Dec 01 MacTech Online
Volume Number: 17 (2001)
Issue Number: 12
Column Tag: MacTech Online
by Jeff Clites
In our last installment, we talked about ssh, and how it could be used in a network-rich world to ease administration of remote machines, and do so securely. One of the more common things that you’ll find yourself doing along these lines is editing configuration files or other text-based things. What you will need, of course, is a text editor. A good command-line, terminal-based text editor can make all the difference between an easy task and an onerous one, especially when working with files on a remote system. It may go against the grain of a long-time Mac user to even touch such a thing, but they are indispensable in those situations where they fit the bill, and truth be told they can actually be fun (you can keep this last part secret if you want). So this month, we are going to talk about text editors, and focus on emacs, the mother of all text editors.
Text Editor Choices
In the command-line world, the choice of text editors quickly narrows down to three, or really two. Although many others exist, the three that you’ll hear about universally are vi, emacs, and pico, all of which are installed by default with Mac OS X. The last of these, pico, is a small (hence the name) text editor—small both in memory footprint and in features. It’s simple to use (with on-screen instructions), and its key selling point is that it’s available even if you are booted into Mac OS X in single-user mode, frustrated and trying to fix something which is badly broken and not letting you boot normally. But, if you need to fire it up more than once in a blue moon you will quickly find yourself wanting more, which brings us to our two choices for full-blown, serious text editors. Both vi and emacs will let you get your job done, but they differ radically in their philosophies: vi tries to be minimalist, and emacs throws in every feature including the kitchen sink (and every other sink you could think of). And, as with all extremes, you can find camps who will vehemently defend either. The choice comes down to a matter of taste, and no one can really convince anyone to switch once they have chosen, but why try? Here I’m going to talk mainly about emacs, which I chose for very simple reasons: vi has separate command and edit modes, which confuse me, whereas emacs uses modifier keys for commands and leaves plain typing alone, and emacs just felt like more fun—it’s bloated with features but that gives you lots of room to grow as a user.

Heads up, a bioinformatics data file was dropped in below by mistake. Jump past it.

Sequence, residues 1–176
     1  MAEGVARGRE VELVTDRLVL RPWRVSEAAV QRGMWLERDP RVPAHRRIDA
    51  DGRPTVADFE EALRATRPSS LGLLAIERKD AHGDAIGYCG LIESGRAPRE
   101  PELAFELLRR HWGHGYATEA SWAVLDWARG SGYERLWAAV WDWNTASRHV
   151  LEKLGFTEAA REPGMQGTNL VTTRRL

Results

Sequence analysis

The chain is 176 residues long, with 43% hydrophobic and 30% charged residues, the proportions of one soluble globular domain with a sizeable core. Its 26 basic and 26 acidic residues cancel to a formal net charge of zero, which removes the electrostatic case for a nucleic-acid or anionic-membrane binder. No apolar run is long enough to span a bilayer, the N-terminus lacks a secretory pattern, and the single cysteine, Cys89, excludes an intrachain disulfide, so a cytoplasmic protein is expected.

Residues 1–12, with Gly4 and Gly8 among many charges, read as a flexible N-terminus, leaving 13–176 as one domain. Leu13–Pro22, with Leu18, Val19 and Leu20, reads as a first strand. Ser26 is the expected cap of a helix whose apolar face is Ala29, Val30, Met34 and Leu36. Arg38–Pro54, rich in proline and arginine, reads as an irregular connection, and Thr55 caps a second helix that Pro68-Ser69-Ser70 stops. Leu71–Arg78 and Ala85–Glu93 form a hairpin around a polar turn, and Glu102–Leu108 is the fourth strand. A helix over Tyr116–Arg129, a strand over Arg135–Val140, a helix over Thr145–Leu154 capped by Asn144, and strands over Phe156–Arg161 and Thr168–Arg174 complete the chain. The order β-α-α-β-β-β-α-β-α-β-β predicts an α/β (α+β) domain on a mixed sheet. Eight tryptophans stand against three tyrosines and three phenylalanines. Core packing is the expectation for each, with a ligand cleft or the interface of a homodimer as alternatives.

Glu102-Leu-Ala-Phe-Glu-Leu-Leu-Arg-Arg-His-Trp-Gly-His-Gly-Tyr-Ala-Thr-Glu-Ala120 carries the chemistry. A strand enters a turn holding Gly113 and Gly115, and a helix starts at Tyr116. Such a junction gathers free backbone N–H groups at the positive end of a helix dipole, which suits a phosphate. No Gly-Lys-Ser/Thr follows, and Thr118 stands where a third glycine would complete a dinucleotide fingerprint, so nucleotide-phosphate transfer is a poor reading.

Of course, I’m not trying to talk anyone out of using ProjectBuilder, TextEdit, BBEdit, or whatever as their primary text editor, but I am encouraging you to take a look at emacs: as a supplement, for specialized tasks, or for a change of pace and a new perspective.